If you’re tired of politicians who offer nothing but “thoughts and prayers” after amass shooting, you’ve got to do what the Parkland kids are doing. Some of them aren’t even eligible to vote, yet they’re out there working to change minds and registering people, and they’re not giving up until we have a Congress that sees your lives as more important than a campaign check from the NRA.
You’ve got to vote.
If you support the MeToo movement, you’re outraged by stories of sexual harassment and assault inspired by the women who shared them, you’ve got to do more than retweet a hashtag. You’ve got to vote.
Part of the reason women are more vulnerable in the workplace is because not enough women are bosses in the workplace which is why we need to strengthen and enforce laws that protect women in the workplace not just from harassment but from discrimination in hiring and promotion, and not getting paid the same amount for doing the same work. That requires laws. Laws get passed by legislators.
You’ve got to vote.
When you vote, you’ve got the power to make it easier to afford college, and harder to shoot up a school.
When you vote, you’ve got the power to make sure a family keeps its health insurance; you could save somebody’s life.
When you vote, you’ve got the power to make sure white nationalists don’t feel emboldened to march with their hoods off or their hoods on in Charlottesville in the middle of the day.
Thirty minutes. Thirty minutes of your time. Is democracy worth that?
We have been through much darker times than these, and somehow each generation of Americans carried us through to the other side. Not by sitting around and waiting for something to happen, not by leaving it to others to do something, but by leading that movement for change themselves. And if you do that, if you get involved, and you get engaged, and you knock on some doors, and you talk with your friends, and you argue with your family members, and you change some minds, and you vote, something powerful happens.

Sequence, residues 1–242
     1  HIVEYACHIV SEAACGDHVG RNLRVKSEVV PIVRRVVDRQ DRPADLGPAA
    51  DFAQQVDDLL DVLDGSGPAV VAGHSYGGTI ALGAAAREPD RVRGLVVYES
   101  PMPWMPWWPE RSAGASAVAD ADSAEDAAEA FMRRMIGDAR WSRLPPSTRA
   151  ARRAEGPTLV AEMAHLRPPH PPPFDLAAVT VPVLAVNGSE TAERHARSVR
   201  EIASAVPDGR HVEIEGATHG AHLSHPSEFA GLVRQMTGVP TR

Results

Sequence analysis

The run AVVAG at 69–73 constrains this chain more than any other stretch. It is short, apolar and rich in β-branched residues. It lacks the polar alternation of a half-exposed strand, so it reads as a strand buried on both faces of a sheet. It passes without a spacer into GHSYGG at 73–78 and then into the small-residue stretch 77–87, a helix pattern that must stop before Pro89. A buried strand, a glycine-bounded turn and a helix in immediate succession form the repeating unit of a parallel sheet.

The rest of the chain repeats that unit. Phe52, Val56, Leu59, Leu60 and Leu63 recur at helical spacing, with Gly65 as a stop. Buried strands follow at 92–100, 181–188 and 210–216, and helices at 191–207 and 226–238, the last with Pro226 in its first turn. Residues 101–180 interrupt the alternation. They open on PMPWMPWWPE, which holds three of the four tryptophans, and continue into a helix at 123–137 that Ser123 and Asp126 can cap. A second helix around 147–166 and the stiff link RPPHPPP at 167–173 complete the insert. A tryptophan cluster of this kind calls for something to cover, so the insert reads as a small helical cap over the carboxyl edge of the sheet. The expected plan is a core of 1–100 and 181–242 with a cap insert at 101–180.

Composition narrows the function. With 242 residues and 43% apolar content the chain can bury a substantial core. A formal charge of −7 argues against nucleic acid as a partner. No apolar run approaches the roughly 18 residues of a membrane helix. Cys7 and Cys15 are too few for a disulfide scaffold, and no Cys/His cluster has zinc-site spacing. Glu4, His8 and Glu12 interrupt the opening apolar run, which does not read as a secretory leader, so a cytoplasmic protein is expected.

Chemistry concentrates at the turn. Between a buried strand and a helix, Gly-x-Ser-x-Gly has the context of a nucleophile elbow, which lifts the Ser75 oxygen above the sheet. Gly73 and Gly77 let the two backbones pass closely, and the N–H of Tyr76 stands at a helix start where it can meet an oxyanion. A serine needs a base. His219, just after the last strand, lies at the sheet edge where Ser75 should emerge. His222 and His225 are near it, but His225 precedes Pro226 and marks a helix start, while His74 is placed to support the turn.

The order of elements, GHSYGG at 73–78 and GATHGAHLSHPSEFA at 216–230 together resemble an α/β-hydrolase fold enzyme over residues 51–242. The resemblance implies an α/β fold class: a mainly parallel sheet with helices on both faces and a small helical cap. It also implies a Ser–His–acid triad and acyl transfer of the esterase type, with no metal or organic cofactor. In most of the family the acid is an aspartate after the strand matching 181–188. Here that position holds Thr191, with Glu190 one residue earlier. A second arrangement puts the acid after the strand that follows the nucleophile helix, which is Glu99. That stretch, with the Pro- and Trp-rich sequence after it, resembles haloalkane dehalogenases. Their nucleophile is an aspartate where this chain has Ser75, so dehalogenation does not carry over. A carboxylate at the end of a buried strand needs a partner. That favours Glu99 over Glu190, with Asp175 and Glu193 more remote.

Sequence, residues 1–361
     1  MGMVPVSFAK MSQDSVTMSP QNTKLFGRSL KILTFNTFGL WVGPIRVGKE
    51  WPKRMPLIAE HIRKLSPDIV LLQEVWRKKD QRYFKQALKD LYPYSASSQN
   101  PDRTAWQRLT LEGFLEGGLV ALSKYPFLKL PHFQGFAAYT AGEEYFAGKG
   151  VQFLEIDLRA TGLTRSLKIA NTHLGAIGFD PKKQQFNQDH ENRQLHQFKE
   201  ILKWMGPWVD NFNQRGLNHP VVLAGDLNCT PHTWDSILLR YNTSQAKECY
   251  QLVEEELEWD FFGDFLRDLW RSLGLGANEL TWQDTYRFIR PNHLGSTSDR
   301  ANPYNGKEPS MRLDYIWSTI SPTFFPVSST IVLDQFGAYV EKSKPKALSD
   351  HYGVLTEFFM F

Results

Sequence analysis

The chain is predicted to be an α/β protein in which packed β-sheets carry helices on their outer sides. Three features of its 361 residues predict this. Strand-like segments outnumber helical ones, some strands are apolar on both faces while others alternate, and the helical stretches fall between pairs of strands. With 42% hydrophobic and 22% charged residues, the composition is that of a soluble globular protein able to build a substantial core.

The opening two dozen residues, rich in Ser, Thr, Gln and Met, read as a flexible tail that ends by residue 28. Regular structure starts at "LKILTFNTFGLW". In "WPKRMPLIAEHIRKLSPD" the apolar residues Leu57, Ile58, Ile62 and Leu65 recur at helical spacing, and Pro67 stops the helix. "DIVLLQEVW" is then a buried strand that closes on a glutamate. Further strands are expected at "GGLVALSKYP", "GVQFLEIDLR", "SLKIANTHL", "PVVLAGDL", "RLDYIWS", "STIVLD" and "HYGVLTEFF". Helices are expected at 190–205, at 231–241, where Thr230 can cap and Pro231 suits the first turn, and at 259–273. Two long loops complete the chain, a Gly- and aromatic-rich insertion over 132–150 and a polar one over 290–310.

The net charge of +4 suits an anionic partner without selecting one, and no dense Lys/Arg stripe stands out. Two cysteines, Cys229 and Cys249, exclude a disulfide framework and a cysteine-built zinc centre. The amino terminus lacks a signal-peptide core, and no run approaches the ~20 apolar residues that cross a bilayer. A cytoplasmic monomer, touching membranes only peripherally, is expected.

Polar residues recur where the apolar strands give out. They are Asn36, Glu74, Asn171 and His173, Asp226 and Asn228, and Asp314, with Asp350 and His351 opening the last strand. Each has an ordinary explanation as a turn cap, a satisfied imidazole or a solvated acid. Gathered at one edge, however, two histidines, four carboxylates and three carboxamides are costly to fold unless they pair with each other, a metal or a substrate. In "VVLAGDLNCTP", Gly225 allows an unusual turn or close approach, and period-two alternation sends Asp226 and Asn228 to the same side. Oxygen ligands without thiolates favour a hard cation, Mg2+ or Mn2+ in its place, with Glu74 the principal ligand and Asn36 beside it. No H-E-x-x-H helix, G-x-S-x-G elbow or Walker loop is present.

Change happens. Hope happens. Not perfection. Not every bit of cruelty and sadness and poverty and disease suddenly stricken from the earth. There will still be problems. But with each new candidate that surprises you with a victory that you supported, a spark of hope happens. With each new law that helps a kid read or helps a homeless family find shelter or helps a veteran get the support he or she has earned, each time that happens, hope happens. With each new step we take in the direction of fairness and justice and equality and opportunity, hope spreads.
And that can be the legacy of your generation. You can be the generation that at a critical moment stood up and reminded us just how precious this experiment in democracy really is, just how powerful it can be when we fight for it, when we believe in it. I believe in you. I believe you will help lead us in the right direction. And I will be right there with you every step of the way. Thank you, Illinois. God bless. God bless this country we love. Thank you.
Imagine if we could get turnout among young people up from fewer than one in five to more than two in five. We win everything.
Try to find time to read the whole speech. I think you’ll be glad you did.
Better still, watch it all.
And then . . .
Quote of the Day
If Patrick Henry thought that taxation without representation was bad, he should see how bad it is with representation.~The Old Farmer's Almanac